That supine antithesis is just one of the themes that echo from the original Alien within this sexually androgynous future world (note that there is not one moment of sexual affection in the entire franchise, at least from the humans perspective), Cameron seizing the baton established in the first film and running them through his own particular peccadilloes – notions of the surrogate, the maternal and the mother, empowered and physically robust females – just look at Terminator 2 or Jamie Lee Curtis in True Lies, Avatar or even Rose in Titanic – it’s a central conceit in all his work. Aliens also emerges admidst a nest of 1980’s movies that exposed America’s PTSD inducing defeat in Indochina, where overwhelming firepower and technology was redundant in the face of a homogeneous and merciless foe, sandwiched between the likes of Platoon and Full Metal Jacket, Hamburger Hill, Bat 21, Rambo (which Cameron penned the screenplay for) and Good Morning Vietnam to name but a few, the film is classic SF metaphor of non-fictional concerns that can more subtlety penetrate and refract a nations national psyche. The aceldama that occurs on Acheron is a fine addition to the annals of SF cinema, a territory which is positively infested with swarms of radioactively mutated insects, those xenomorphs of the series obviously have an arthropod like quality which I’d argue is a manifestation of an unconscious awareness that these critters are the only species that could possibly survive a nuclear conflagration and would be destined to usurp the planet from our extinct stupidity. But, as they say, all of this is academic and the real charm of Aliens is in its galvanizing pace, its tense texture, the graphically realised future world and some unbeatable action sequences – the way the build-up is handled in the motion sensors sequence is exemplary.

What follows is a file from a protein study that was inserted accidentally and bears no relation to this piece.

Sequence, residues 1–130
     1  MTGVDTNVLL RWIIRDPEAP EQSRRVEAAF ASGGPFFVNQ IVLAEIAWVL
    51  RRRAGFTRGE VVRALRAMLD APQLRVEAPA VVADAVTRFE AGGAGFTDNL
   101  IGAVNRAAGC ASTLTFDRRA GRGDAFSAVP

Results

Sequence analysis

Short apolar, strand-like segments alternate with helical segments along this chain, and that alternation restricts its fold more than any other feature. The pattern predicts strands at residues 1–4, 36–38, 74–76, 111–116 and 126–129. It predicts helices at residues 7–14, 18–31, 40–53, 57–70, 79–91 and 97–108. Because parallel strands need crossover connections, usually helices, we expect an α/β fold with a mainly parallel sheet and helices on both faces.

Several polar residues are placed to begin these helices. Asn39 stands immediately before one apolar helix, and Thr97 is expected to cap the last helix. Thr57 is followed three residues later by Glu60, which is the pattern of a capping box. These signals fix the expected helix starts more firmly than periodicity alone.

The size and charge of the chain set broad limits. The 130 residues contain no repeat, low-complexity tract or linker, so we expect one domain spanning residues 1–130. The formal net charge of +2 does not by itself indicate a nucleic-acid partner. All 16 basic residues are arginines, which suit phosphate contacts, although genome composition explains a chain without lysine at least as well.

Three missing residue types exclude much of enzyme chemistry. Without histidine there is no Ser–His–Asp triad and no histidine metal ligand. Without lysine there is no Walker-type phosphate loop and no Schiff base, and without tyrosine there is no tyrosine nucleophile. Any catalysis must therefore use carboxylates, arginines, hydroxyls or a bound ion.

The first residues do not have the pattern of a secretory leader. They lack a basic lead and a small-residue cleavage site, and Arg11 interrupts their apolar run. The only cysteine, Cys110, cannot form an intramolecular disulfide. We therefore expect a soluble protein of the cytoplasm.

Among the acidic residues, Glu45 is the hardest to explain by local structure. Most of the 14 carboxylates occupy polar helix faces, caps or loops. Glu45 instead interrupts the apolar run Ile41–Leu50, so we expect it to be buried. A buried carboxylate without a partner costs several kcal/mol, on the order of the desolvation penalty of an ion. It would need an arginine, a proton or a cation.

James Horner’s chunky, throbbing action soundtrack is a favourite of mine which became adopted for the trailers of similarly minded action movie projects, presumably in a vain marketing effort to coat inferior material with a veneer of quality, that’s not bad for a 4 day effort that he wrote under duress as he and Cameron fundamentally locked horns on the aural composition and its integration with the visuals. The visual effects were masterfully crafted by Bob and Dennis Skotak, using the whole panoply of techniques available at the time – in camera beam splitters, instate perspective dupes, travelling mattes – all incorporated with a physically real Alien Queen puppet which is unveiled during the climax of the film. This regal beast was a real construction, operated by no less than 16 puppeteers, giving a real density, a real sense of horrific threat to proceedings. Sure, some of it looks a little clunky by 21st century standards but Cameron and his editors camouflage the beast and much of the other contractions of the film with an adept eye, maintaining a fine balance of sense perception that could break the spell, but these techniques are delivered at a pace which doesn’t dovetail into confusingly erratic, almost epileptic cutting nonsense that merely confuses and rejects the viewer – I think there are some very solid reasons why this film is still a favourite to many and this understanding, this knowledge of how an audience absorbs and internalizes a visual experience is a large part of the films classic status. Cameron seems to know exactly how many frames are required to suspend the disbelief – his and Jackson’s approaches to their new projects being shot at 48 fps is going to be quite an interesting ride, especially when one considers Godard’s adage that ‘cinema is truth at 24 frames per second’ then I guess they will be twice as authentic? As authentic as a medieval fantasy realm and foreign world can be eh? Anyway, next up, the inauguration of a certain Mr. David Fincher’s career….